Yeah, Charles, this is Ezra. Really when you look at it over the bulk of the year between 2017 and 2018, I think on average our spacing was pretty consistent. As we've talked about in the past, it really is going to change across that base and depending on how many of our specific targets that we're aiming for in developing and co-developing. And we aim to target as we've talked about before any targets that are kind of within maybe a couple of hundred feet of each other. And so as we talk about the improvements and optimization of spacing vertically and horizontally, it's as if you think about it in a stacked and staggered manner. And so we've definitely tested as we highlighted on one of the earlier calls last year, the tight (ph) is 400 -- approximately 400 foot staggered spacing pattern, and obviously we've targeted much wider than that. I think at the end of the day, what we're seeing is, there's a lot potential upside there to our announced resource potential. As you recall, our type curve in the Wolfcamp oil window is based on a 660 foot spacing in just one Wolfcamp target across the whole of our Wolfcamp oil acreage.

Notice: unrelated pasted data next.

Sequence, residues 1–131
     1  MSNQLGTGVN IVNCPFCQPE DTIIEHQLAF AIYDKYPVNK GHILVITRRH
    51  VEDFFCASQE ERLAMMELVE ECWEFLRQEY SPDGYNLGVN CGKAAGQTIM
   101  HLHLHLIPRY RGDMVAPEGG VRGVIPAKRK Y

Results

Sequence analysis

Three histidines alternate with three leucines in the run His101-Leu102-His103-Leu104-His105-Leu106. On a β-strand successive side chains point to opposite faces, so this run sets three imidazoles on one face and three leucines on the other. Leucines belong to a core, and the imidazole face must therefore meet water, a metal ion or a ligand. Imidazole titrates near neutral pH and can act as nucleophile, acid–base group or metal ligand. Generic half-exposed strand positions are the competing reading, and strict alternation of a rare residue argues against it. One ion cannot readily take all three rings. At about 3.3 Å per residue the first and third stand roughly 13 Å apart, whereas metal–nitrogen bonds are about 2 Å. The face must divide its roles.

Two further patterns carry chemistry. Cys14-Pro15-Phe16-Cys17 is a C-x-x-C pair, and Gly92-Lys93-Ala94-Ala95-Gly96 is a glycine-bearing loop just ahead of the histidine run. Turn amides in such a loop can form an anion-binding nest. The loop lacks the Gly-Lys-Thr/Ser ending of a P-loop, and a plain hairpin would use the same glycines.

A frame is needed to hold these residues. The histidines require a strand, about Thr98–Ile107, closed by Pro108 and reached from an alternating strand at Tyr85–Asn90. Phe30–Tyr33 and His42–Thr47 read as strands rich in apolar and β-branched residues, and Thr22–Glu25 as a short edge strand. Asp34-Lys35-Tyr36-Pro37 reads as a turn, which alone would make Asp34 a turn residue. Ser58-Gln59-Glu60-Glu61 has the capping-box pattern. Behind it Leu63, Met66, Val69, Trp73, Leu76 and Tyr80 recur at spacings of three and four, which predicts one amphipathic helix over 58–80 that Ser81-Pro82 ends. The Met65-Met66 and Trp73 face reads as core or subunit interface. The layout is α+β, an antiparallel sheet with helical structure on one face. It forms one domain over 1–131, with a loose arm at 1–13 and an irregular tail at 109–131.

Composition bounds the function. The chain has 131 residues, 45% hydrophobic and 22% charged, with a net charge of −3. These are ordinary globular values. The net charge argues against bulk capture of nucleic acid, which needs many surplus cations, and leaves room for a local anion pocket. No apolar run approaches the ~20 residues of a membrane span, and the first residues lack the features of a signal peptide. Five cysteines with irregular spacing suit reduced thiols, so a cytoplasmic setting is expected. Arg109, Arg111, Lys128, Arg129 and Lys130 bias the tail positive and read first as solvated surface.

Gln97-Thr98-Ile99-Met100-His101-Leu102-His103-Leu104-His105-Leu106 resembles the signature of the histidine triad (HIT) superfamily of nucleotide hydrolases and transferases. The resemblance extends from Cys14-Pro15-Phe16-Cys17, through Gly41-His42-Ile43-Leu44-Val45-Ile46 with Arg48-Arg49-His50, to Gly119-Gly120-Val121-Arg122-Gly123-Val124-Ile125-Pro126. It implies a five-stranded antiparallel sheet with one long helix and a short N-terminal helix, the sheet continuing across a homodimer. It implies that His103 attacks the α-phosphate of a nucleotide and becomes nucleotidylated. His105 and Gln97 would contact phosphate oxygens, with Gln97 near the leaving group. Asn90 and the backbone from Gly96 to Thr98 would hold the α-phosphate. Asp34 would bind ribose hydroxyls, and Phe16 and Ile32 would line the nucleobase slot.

Charles Meade -- Johnson Rice -- Analyst

Okay. Thank you for that added color, Ezra.

Operator

The next question will be from Michael Scialla of Stifel. Please go ahead.

Michael Scialla -- Stifel Nicolaus -- Analyst

Good morning, everybody. Based on your comments that the exploration ideas are really targeting better quality rock, is it fair to say that you're really not looking at kind of the massive traditional shale plays like the Eagle Ford or the Bakken, I'm thinking maybe more along the lines of tight sand or carbonate resource plays -- I mean, you admitted, I guess the Chalk (ph) over in Louisiana is one of them. But is that more the type of play that you're looking at with the exploration ideas?

Ezra Y. Yacob -- Executive Vice President-Exploration and Production